lördag 8 januari 2011

Tea with Gutenberg

Five O'clock Tea, 1883
Julius Leblanc Stewart
A cup of tea at this time of the afternoon is usually gratefully accepted, and one is disappointed if it is made so badly that it is not drinkable. The young lady who presides at the tea table at an afternoon reception has sometimes a difficult task if the tea is not prepar-ed with a bag (as directed on page 550), but for the unceremonious social cup of tea with the friend who drops in at this hour it is easy to have it just right. After the proper preparation of the tea (as directed on page 549), the attractiveness of the table and the delicacy of the china are the next things to be desired. Tea does not taste as well taken from a coarse, large, or heavy cup. The taste and refinement of the hostess are easily recognized in this very unceremonious, but very social, function. The cloth may be as elaborate as one wishes, but it must above all be spotless, un-wrinkled and dainty. The cups may all differ from one another, but each one should be small and thin, and the steaming kettle, which lends cheerfulness to the occasion, should be highly polished, whether it be silver, brass, or copper. A dry biscuit or a thin piece of bread and butter is usually offered with the tea. Fresh unsalted butter is preferable, but any of the fine butters may be used. The butter is spread very evenly on the loaf; the bread sliced very thin and doubled like a sandwich. It may be cut into any shape desired, such as strips, diamonds, or triangles. It is attractive stamped into circles with a biscuit-cutter of about the size of a silver dollar. Three kinds of bread may be used—white, graham, and Boston brown bread, and all may be served on the same plate. This simple dish is carried into the esthetics in some English houses, where the bread and butter is described as tasting of roses, violets, clover, or nasturtiums. The flavor is obtained by shutting the fresh butter in a tight jar with the blossoms for several hours. Butter very readily absorbs flavors and odors, indeed it is the medium used for extracting perfumes in the manu-facture of those articles. The flavored butter is spread in the ordinary way on the bread, which has been treated also to a bath of flowers. Butter sandwiches must be exceedingly thin and shapely, and have no suggestion of mussiness. They should be laid in a folded napkin to keep them fresh. Any sweet wafers may also be used, but as this is not a meal, nothing should be offered which will take away the appetite for dinner, which follows shortly afterward.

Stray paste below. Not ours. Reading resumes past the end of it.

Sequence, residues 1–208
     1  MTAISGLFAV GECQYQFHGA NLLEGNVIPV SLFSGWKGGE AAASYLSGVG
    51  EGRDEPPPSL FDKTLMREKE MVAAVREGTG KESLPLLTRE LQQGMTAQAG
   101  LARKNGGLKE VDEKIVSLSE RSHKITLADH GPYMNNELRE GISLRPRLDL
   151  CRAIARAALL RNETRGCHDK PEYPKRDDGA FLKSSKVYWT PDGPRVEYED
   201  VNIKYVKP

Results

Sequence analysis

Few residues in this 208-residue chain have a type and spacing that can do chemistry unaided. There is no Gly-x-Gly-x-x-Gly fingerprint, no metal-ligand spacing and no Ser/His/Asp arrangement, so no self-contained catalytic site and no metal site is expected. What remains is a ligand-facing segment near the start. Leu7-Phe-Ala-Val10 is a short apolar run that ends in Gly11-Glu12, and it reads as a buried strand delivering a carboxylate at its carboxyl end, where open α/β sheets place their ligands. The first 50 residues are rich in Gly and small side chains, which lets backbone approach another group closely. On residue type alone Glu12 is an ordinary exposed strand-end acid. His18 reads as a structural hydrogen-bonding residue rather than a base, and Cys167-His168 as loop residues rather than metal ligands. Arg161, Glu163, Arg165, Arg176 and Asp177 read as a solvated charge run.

Take one tablespoonful each of flour and powdered sugar and one half saltspoonful of salt. Sift them well together. Beat the white of one egg just enough to break it, and add as much of it to the flour and sugar as it will take to make a creamy batter; flavor with a few drops of almond essence. Grease the pans lightly and flour them as directed on page 464. Drop a half teaspoonful of the paste on the pan, and with a wet finger spread it into a thin round wafer. Bake it in a very moderate oven until the edges are slightly browned, then, before removing from the oven door, lift each wafer, and turn it around a stick. They stiffen very quickly, and the rolling must be done while they are hot.

The water. You cannot have first-rate tea or coffee unless you use freshly-boiled water. Water that has been boiled for an hour or more lacks life, and gives a dull taste to the decoction. Draw freshly filtered water and let it come to a hard boil before using.